Turkey's inflation rate slows sharply to 64.3%

AFP , Tuesday 3 Jan 2023

Turkey's annual inflation rate slowed for a second month in December after hitting a two-decade high, official data showed Tuesday, helping President Recep Tayyip Erdogan's chances in elections due by June.

Turkish Lira
In this file photo money changer counts Turkish lira banknotes at a currency exchange office in Istanbul. AFP

 

Consumer prices rose by 64.3 percent in December from the levels at which they stood a year earlier, the state statics agency said, compared to an 84.4-percent year-on-year increase in November.

Analysts attribute the sharp slowdown to the so-called base effect, which makes year-on-year price increases look smaller when compared to extremely high levels 12 months earlier.

The latest reading is still higher than in any another other emerging market except for Argentina.

But it fulfils Erdogan's campaign promise that inflation will start falling at the start of the year after reaching the highest levels since 1998 last year.

Turkey's economy has been going through convulsions since Erdogan launched an unusual experiment in September 2021 that tried to fight inflation by bringing down borrowing costs.

The lira began to lose value almost immediately, as consumers rushed to buy up gold and dollars to protect their savings.

The price of imports such as oil and gas soared, creating an inflationary spiral that the nominally independent central bank fed further by continuing to lower interest rates.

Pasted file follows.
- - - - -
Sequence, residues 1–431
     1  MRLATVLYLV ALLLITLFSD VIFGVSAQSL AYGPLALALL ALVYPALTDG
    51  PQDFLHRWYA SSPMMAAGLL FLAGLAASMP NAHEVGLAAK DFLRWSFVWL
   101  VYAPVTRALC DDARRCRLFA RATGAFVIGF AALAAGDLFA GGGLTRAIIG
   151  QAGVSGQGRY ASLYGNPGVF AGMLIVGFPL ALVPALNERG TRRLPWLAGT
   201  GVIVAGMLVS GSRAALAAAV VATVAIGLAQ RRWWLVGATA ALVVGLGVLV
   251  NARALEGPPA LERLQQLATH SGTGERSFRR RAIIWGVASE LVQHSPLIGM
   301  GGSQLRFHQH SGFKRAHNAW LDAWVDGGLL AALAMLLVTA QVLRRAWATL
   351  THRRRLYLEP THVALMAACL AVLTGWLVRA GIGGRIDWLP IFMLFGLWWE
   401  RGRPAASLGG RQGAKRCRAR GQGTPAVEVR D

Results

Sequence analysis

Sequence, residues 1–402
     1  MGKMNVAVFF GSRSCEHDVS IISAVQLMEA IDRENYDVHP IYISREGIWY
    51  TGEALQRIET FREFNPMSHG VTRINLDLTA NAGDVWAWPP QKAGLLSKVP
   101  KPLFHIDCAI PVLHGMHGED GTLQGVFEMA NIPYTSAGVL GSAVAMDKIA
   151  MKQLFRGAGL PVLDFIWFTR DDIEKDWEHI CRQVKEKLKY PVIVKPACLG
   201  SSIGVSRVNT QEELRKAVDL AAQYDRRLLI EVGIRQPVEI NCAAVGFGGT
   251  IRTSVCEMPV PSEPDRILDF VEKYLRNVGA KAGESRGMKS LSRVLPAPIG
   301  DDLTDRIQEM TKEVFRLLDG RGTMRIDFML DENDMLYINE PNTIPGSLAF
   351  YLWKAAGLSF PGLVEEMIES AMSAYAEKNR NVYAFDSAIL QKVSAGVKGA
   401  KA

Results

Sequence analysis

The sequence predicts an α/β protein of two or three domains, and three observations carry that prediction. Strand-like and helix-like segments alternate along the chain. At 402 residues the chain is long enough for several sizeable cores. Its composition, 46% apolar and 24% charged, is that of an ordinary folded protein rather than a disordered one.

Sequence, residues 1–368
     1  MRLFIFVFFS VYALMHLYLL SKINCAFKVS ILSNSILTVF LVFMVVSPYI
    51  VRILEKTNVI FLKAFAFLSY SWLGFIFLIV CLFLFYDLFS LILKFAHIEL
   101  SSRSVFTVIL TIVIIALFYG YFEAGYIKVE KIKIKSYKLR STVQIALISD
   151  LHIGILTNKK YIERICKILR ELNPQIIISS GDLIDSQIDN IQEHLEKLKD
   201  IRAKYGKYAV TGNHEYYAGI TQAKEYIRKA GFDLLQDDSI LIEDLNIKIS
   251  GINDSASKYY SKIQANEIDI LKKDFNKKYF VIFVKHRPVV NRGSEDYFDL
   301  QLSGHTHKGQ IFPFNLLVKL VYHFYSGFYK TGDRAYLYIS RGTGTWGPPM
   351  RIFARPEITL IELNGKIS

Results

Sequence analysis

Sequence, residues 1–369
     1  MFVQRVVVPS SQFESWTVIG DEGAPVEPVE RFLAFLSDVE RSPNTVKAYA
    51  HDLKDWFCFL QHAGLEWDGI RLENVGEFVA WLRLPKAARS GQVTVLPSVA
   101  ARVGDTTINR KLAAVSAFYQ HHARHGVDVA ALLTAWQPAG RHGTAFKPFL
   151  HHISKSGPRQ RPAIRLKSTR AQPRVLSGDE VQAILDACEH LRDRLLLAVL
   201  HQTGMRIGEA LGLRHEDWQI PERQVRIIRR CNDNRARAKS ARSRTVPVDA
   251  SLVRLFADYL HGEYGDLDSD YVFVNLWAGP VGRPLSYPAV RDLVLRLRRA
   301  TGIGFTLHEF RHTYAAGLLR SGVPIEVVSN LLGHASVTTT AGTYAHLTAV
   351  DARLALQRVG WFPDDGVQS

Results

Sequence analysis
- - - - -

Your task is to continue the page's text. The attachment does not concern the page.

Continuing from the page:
The annual inflation rate peaked at 85.5 percent in October 2021.

The economic crisis forced Erdogan to alter his foreign policy, resuming economic alliances with petrodollar-rich rivals in the Arab world and ramping up trade with Russia, despite its war on Ukraine.

These deals have helped to prop up Turkey's hard currency reserves, allowing it to stabilise the lira.

The government has further forced exporters to convert 40 percent of their dollar revenues into liras, further supporting the Turkish currency.

The lira's stabilisation has helped temper the pace of price increases.

But analysts warn that a wave of populist social support measures that Erdogan announced heading into the election make the current economic policies unsustainable.

"Turkey faces a very difficult economic outlook after elections, because of the current disastrous policy mix," Timothy Ash of BlueBay Asset Management tweeted.

Erdogan has vowed not to raise the benchmark interest rate, which at nine percent is just a fraction of the annual inflation rate.

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